No further information about the buyer will be announced, due to circumstances concerning the product and the customer, Saab explained.
Saab has signed a contract and received an order for the Airborne Early Warning and Control solution Saab 2000 Erieye. The order is worth SEK 1.55 billion (nearly $158 million).
Due to circumstances concerning the product and customer, the company is reticent about the buyer. No further information about the customer will be announced, a Saab press release said.
The Saab 2000 Erieye is a complete Airborne Early Warning and Control system with multi-role and multi-mission capabilities for both military and civilian needs.
It is based on the Saab 2000 aircraft that equips Saab’s airborne radar Erieye and a range of other sensors and provides detailed situational awareness. It can be used for tasks including border surveillance and search-and-rescue operations, national broadcaster SVT reported.
Deliveries will take place between 2020 and 2023, and the work will be carried out in Gothenburg, Järfälla, Linköping, Luleå and Arboga.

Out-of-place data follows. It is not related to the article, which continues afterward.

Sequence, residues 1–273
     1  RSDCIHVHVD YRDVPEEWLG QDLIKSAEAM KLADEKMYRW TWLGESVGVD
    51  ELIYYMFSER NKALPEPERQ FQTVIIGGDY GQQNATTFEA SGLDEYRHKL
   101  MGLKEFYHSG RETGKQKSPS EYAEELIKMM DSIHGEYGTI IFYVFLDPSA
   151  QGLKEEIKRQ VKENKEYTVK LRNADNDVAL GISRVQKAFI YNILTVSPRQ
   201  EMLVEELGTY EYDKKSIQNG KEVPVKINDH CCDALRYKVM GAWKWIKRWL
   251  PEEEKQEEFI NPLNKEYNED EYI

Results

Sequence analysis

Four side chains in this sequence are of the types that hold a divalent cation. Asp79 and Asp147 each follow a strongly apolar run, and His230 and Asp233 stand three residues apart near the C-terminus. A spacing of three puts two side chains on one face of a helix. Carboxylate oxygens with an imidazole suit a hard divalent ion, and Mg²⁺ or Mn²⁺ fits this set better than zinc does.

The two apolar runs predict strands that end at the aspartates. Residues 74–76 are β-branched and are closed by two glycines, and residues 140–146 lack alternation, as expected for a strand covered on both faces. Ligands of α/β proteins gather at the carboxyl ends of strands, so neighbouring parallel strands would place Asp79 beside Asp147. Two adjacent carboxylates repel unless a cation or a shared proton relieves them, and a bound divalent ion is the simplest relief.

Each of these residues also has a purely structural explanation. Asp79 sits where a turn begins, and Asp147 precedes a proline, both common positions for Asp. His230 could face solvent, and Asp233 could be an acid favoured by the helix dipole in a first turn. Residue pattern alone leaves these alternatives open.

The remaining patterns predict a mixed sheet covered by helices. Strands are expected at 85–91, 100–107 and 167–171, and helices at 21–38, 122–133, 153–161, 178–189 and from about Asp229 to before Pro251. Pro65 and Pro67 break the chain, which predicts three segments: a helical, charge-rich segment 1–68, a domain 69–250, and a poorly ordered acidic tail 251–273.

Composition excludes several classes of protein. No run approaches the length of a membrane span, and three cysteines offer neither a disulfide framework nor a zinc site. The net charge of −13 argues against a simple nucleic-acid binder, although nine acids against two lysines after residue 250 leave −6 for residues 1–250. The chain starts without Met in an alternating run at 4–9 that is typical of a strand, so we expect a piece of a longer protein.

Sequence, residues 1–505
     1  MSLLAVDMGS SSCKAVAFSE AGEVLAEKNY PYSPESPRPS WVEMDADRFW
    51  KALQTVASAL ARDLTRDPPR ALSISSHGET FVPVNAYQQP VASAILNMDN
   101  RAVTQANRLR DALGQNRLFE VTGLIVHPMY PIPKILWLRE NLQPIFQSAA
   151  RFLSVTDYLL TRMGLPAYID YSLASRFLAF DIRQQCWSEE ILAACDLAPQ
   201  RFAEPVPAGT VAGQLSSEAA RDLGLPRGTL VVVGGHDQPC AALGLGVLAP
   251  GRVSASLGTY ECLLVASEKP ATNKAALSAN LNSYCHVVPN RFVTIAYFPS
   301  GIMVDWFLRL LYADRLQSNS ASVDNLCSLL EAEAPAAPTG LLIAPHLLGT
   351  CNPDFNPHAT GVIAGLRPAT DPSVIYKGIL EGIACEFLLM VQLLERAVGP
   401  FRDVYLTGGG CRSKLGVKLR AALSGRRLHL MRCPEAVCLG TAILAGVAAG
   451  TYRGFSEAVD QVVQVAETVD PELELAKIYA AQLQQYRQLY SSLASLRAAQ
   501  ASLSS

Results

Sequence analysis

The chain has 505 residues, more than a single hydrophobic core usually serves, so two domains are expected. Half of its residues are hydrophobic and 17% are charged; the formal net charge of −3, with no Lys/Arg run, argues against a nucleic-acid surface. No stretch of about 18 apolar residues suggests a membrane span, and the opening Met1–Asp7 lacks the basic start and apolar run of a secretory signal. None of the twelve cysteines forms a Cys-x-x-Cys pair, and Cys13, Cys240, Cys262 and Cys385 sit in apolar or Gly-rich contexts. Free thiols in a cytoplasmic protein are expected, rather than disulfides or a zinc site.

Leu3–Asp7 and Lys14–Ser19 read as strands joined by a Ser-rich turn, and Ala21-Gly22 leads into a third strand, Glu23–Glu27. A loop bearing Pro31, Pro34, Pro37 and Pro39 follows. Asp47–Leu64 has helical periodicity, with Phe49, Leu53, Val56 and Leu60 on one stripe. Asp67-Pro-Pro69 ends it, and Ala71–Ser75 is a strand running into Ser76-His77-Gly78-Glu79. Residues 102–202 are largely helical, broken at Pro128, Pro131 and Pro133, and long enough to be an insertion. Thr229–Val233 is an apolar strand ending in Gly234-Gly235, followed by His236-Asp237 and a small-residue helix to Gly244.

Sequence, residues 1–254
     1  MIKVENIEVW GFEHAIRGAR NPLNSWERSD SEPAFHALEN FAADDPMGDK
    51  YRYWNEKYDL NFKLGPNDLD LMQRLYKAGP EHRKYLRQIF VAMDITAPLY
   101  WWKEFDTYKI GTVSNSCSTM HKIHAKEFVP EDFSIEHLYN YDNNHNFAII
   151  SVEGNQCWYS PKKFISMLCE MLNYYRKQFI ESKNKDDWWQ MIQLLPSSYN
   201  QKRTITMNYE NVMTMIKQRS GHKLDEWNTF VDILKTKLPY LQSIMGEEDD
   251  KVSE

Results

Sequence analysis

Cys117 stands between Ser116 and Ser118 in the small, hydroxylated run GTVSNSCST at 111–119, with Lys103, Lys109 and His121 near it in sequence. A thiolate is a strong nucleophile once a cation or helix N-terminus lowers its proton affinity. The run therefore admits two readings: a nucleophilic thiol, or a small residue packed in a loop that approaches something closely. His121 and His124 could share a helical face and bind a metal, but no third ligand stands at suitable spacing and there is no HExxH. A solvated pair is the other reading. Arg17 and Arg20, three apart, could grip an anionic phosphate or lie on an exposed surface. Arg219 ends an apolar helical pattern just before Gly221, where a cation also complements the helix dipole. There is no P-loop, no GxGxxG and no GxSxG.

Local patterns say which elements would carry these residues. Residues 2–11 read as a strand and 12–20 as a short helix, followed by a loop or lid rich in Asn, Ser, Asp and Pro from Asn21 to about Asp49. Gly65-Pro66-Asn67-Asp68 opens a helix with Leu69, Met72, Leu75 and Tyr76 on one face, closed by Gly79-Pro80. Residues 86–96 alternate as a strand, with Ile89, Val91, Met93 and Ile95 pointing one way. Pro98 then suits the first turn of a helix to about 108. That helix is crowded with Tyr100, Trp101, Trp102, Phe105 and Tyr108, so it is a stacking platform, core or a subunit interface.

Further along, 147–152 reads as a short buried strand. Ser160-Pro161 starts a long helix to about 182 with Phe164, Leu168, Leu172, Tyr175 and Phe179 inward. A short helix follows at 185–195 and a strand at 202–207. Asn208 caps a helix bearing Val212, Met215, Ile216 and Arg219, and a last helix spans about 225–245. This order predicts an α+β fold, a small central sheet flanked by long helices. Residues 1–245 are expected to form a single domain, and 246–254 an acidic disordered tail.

In late April, Saab announced the delivery of first of three ordered GlobalEye early warning systems to the United Arab Emirates.
“The delivery of the first GlobalEye plane is a major milestone for Saab, but also an important historical step for airborne sensor platforms,” Saab’s President and CEO Micael Johansson said in a statement.
GlobalEye is a combination of Saab’s new radar system Erieye ER and Bombardier’s Global 6000, a jet aircraft that has extra long range and can be in the air for up to 11 hours, national broadcaster SVT reported.
According to Saab, GlobalEye is the first in the world market that can “detect and track targets at great distances and conduct surveillance in the air, on the ground and at sea simultaneously from one and the same platform.
Saab AB is a Swedish aerospace and defence company, founded in 1937. From 1947 to 1990 it was the parent company of car manufacturer Saab Automobile. Its main focus is fighter aircraft, combat weapons, missile systems, torpedoes, sensor systems, unmanned underwater vehicles, as well as airborne surveillance solutions (including GlobalEye, Saab 2000 Erieye), radars and means of electronic warfare.
At about 17,000 employees, Saab is seen as a backbone of Sweden’s military-industrial complex.